They’ll be back…and they’ll win one of those championships.

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Two takes from Saturday night’s Caps loss in Minnesota.

Those sweaters the Wild wore were freaking sharp.  I need one of those.  Holy cow.

Next — the Caps aren’t very good.  They need some offense. Big time.  They CREATE chances.  Chances galore.  But they can’t finish them off.

They’ll make the playoffs, but don’t be saving up your money for a cross country trip to Anaheim for the Stanley Cup Finals.  Ain’t happenin’, Caps fans.

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By the way, Martin Erat of the Caps has one goal in 48 games over two seasons for the Caps.

One goal.

If I had played in 48 games, even now at the tender age of 50, I’d have two goals.

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Florida State gets a visit from the Cleat of Reality tonight in the national championship game.

Auburn 34 – Florida State 28

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Gotta tip your hat to Andrew Luck for what he pulled off on Saturday in Indianapolis.

The kid’s a freakin’ big-time player.

Let’s see what he does on Saturday in New England against the genius coach up there.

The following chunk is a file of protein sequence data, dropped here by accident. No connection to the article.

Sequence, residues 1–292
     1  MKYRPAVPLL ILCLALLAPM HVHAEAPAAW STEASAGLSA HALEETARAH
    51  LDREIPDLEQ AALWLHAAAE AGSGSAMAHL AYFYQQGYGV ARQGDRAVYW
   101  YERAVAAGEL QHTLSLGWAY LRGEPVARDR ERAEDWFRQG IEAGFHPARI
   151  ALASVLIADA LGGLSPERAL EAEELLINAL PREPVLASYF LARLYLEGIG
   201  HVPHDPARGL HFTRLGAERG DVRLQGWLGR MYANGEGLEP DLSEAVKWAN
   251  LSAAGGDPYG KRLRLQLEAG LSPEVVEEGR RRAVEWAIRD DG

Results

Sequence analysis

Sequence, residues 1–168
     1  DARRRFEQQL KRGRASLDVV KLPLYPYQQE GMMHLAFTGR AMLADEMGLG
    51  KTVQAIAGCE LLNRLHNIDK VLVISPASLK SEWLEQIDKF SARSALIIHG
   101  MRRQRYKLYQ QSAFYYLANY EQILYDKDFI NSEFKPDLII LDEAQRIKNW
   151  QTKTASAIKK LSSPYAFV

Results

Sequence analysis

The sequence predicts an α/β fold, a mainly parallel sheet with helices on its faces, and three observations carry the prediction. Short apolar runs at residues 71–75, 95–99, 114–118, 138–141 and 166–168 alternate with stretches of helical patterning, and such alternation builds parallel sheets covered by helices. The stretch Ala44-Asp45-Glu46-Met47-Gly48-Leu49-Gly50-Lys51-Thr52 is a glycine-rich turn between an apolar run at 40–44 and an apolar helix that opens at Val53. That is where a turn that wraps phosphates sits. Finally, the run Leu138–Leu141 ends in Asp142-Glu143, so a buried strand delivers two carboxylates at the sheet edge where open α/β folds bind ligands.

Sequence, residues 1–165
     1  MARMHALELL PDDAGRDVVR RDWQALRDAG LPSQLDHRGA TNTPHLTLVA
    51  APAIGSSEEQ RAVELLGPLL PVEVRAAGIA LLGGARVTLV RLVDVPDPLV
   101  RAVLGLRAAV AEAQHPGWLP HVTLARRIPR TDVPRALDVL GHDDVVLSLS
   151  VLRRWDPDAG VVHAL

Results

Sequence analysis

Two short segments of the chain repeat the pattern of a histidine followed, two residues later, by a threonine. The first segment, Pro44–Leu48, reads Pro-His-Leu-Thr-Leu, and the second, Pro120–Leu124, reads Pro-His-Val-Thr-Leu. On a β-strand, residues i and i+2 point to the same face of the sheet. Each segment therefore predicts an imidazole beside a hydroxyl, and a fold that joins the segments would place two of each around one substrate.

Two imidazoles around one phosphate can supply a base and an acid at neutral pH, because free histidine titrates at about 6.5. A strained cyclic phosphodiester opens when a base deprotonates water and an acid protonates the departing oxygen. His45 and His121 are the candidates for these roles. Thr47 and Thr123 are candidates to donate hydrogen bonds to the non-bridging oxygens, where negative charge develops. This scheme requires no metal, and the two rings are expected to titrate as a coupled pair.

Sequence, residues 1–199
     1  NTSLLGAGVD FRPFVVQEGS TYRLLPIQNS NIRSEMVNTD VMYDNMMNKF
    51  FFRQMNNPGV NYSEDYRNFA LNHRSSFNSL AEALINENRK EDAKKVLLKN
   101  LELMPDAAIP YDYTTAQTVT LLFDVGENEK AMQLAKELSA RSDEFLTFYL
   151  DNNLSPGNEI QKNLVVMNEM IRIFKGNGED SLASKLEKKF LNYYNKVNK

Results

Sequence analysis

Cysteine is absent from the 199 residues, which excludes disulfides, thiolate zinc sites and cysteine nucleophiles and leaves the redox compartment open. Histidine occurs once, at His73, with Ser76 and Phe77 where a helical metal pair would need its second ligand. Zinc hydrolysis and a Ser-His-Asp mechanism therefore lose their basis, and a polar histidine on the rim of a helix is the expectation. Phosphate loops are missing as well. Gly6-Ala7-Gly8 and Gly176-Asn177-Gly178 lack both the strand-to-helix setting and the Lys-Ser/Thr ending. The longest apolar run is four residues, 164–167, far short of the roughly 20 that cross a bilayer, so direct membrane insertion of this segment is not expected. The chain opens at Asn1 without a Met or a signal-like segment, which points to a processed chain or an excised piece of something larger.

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The Five Plays That Determined The Game: Ravens/Colts

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The Five Plays That Determined The Game: Ravens/Colts

Posted on 08 January 2013 by Glenn Clark

Following every Baltimore Ravens game this season, Ryan Chell and I will take to the airwaves Tuesdays on “The Reality Check” on AM1570 WNST.net with a segment known as “The Five Plays That Determined The Game.”

It’s a simple concept. We’ll select five plays from each game that determined the outcome. These five plays will best represent why the Ravens won or lost each game.

This will be our final analysis of the previous game before switching gears towards the next game on the schedule.

Here are the five plays that determined the Ravens’ 24-9 win over the Indianapolis Colts Sunday at M&T Bank Stadium in an AFC Wild Card playoff game…

(Note: not all pictures are always of actual play)

Glenn Clark’s Plays…

5. Pernell McPhee recovers Andrew Luck fumble after Paul Kruger sack, strip (1st quarter)

4. Anquan Boldin 46 yard catch from Joe Flacco (3rd quarter)

3. Cary Williams intercepts Andrew Luck pass intended for Reggie Wayne, returns 41 yards (4th quarter)